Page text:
The panel discussed ways in which the COVID-19 pandemic specifically impacted health care for the LGBTQ+ community. Carmel said the pandemic significantly impaired access to doctors and other health care providers, as the “vast majority” of systems shut down. He said the pandemic also weakened the sense of community for LGBTQ+ people and hid their experiences from others, both good and bad.

“Domestic violence, intimate partner violence and violence in the home was all hidden behind closed doors,” Carmel said. “We couldn’t assess those situations even talking with the person because they are not in a safe environment.”

Grieve, an assistant professor of pharmacy and therapeutics at Pitt, said limited access to resources was seen at every level of social services.

“Even the basic things were shut down, like the social security office,” Grieve said. “I can’t get my social security card updated with my name, which means I can’t get my HR updated and my insurance updated. Little things like that start to fall apart.”

Alston said health care professionals during the pandemic had to prioritize the care and surgery they believed to be “essential.” They said oftentimes gender-affirming surgeries were deemed “non-essential,” which was “disheartening and difficult” for those people.

“It was devastating for people to be told their surgeries were cancelled and labeled as non-essential,” Alston said. “They had set up that window of time and they may never get it again. For them, this is their life-saving surgery.”

The moderators asked the panelists to give their input on the direction they thought the “new generation of health care professionals” should go. Goodall said discussion and awareness, rather than policy, are two of the most important aspects of the job for her.

“There are things I will never experience because of my privilege in this community and the country but I want to know about it and stand up for people,” Goodall said. “It’s not like you have to have this special talk about the issues, they should be included in everyday conversation.”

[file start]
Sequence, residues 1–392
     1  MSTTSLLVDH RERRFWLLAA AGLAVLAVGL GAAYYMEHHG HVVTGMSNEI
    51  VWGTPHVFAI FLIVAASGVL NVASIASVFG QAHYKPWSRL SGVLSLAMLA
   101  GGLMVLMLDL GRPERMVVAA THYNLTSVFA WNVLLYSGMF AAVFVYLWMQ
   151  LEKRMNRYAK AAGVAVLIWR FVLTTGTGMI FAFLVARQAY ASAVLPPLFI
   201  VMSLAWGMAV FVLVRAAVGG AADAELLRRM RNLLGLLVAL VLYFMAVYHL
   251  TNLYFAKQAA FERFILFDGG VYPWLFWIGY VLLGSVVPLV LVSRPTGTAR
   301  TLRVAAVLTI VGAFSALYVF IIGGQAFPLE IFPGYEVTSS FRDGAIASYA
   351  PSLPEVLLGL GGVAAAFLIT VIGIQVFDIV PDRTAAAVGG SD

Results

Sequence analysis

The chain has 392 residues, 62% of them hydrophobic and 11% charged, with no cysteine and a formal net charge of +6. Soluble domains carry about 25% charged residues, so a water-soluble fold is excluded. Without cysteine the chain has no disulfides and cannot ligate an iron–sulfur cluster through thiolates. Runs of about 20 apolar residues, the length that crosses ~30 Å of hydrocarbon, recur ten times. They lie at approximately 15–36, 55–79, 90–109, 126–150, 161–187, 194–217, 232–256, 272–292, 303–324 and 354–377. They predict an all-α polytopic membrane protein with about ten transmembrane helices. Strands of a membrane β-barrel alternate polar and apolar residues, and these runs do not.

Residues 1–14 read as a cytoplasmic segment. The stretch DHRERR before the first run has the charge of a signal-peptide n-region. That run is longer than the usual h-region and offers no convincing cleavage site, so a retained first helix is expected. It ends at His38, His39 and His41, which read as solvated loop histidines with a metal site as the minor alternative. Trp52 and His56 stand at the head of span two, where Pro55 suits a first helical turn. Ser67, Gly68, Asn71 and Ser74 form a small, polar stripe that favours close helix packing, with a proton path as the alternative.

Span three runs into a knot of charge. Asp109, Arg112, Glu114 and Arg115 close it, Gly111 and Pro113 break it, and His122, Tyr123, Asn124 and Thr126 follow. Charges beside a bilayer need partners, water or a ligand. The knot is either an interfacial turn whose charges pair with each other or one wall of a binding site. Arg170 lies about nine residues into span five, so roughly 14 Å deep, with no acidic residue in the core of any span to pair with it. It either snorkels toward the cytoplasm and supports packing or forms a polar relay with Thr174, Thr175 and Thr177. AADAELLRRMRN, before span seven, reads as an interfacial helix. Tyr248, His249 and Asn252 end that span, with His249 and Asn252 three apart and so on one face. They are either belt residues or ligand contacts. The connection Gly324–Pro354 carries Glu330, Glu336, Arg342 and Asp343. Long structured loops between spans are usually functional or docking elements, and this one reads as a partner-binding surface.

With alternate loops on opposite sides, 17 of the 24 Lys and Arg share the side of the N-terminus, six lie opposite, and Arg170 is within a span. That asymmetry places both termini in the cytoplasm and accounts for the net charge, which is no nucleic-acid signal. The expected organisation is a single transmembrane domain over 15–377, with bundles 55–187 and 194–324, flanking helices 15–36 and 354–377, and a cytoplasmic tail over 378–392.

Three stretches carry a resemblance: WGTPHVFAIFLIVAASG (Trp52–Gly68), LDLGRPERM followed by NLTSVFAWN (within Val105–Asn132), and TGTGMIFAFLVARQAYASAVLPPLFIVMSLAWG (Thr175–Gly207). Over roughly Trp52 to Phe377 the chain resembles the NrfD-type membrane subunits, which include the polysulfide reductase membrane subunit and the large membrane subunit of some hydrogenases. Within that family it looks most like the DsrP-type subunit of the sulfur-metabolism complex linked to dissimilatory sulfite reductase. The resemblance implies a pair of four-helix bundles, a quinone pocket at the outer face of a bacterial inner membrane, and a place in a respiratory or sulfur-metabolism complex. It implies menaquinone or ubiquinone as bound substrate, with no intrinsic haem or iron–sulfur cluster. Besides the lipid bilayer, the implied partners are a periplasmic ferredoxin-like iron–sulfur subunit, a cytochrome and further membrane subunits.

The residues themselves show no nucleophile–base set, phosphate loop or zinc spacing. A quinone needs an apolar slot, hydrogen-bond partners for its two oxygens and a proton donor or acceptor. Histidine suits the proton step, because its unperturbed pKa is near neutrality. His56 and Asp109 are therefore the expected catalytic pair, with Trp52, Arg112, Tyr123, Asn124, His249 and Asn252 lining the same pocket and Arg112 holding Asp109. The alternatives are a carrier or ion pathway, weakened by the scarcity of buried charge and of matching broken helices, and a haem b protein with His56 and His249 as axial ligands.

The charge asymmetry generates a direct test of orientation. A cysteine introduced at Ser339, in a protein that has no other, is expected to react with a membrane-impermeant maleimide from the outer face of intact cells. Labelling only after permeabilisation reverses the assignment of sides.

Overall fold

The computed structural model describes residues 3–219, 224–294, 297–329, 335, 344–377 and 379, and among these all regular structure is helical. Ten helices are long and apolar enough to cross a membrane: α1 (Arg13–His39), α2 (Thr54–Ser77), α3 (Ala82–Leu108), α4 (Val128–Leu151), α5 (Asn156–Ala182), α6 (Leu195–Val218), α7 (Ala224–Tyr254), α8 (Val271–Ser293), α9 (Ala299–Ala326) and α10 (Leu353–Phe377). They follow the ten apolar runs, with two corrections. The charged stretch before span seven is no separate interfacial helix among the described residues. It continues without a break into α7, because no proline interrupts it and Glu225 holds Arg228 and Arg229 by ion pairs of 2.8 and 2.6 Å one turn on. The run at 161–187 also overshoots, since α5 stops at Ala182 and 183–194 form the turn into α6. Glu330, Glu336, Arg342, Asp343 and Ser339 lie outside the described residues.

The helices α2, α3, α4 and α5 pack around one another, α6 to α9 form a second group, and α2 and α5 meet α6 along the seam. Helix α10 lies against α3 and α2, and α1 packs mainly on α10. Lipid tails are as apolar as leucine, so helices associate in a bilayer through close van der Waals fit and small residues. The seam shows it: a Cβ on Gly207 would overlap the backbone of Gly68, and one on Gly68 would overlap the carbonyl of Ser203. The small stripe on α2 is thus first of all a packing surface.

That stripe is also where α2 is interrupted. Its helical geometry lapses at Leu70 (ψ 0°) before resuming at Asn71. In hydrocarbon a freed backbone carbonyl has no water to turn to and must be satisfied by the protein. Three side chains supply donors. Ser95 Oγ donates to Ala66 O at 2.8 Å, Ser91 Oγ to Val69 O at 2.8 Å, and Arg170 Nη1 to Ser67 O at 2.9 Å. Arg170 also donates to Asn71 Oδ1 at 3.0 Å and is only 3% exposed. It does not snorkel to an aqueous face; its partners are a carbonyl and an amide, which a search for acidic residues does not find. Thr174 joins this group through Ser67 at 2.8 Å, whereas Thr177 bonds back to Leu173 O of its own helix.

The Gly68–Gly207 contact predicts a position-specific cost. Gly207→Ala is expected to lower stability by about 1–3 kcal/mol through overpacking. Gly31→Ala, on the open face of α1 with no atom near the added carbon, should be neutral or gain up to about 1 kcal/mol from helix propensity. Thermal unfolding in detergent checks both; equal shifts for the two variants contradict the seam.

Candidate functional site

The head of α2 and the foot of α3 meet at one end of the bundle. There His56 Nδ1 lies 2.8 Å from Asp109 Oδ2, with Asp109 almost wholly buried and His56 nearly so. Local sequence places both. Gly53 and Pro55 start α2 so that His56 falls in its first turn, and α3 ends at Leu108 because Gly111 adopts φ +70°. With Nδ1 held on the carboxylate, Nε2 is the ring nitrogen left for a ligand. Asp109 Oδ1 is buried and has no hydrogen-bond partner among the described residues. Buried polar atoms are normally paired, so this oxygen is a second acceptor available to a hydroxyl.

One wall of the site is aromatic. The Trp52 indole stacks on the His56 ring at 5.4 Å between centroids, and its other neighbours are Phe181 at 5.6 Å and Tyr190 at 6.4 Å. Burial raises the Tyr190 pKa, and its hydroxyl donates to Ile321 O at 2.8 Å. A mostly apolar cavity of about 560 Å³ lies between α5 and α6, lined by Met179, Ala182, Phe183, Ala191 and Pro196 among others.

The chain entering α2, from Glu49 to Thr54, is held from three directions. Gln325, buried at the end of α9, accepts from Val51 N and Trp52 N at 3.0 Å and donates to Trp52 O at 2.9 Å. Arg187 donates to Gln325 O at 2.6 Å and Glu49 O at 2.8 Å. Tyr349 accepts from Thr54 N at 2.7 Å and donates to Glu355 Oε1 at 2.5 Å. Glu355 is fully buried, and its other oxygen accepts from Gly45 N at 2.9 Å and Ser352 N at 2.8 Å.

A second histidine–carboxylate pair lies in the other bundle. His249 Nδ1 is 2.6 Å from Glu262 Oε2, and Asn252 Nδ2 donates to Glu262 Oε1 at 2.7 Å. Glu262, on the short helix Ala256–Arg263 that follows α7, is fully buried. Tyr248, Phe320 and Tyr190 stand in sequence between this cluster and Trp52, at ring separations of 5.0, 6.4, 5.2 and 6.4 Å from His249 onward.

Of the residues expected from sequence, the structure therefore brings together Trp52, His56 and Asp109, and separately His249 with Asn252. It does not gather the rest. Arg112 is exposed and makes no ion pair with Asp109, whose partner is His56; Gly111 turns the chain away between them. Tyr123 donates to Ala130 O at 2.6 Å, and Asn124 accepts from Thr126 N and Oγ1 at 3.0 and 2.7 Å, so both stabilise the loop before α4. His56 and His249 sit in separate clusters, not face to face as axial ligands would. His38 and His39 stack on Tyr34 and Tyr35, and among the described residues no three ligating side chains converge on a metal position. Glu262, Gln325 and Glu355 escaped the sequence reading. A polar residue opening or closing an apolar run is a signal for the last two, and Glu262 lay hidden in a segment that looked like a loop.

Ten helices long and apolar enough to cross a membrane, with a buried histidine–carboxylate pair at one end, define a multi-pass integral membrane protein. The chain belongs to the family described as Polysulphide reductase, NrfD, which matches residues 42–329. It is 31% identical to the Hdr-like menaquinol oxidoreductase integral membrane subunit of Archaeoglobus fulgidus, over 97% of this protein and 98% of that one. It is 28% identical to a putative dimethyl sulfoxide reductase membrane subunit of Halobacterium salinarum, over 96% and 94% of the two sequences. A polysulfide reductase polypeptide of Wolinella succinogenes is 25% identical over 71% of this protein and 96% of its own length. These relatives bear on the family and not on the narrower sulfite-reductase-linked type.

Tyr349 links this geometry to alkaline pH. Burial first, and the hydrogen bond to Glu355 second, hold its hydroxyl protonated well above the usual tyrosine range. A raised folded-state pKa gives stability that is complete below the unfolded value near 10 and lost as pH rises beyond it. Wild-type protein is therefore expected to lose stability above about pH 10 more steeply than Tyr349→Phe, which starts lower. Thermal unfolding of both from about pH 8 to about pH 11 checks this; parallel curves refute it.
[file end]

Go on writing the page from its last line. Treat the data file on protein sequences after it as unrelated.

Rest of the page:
Carmel said the LGBTQ+ community lives in a “broken” society, with flawed systems and societal structures. He hopes to see the awareness of LGBTQ+ issues slowly absorb into mainstream consciousness, but does not expect for it to happen during his lifetime.

“All of our systems are broken, and it’s a society in which we have to navigate,” Carmel said. “I often have discussions about breaking down the existential philosophies in people’s values and figuring out how people can find their place of fulfilment in a dysfunctional society.”

Grieve said allies of the LGBTQ+ community are crucial to advancing opportunities for the community. She said being friends and supporters of these individuals is important, but it is not enough to bring about change.

“The true definition of an ally is someone who leverages their privilege for protection, advancement or support of a community,” Grieve said. “You are not an ally unless you are utilizing that privilege to speak up for people who can’t always do so for themselves.”

Carmel said establishing relationships and using one’s position to give back to others is critical in the fight for equity. He said those involved in the fight can face burnout and need to know when to ask for assistance.

“I personally didn’t have mentors that looked like me or had the same experiences as me,” Carmel said. “But now, there are more of us that can provide mentorship and there will continue to be more.”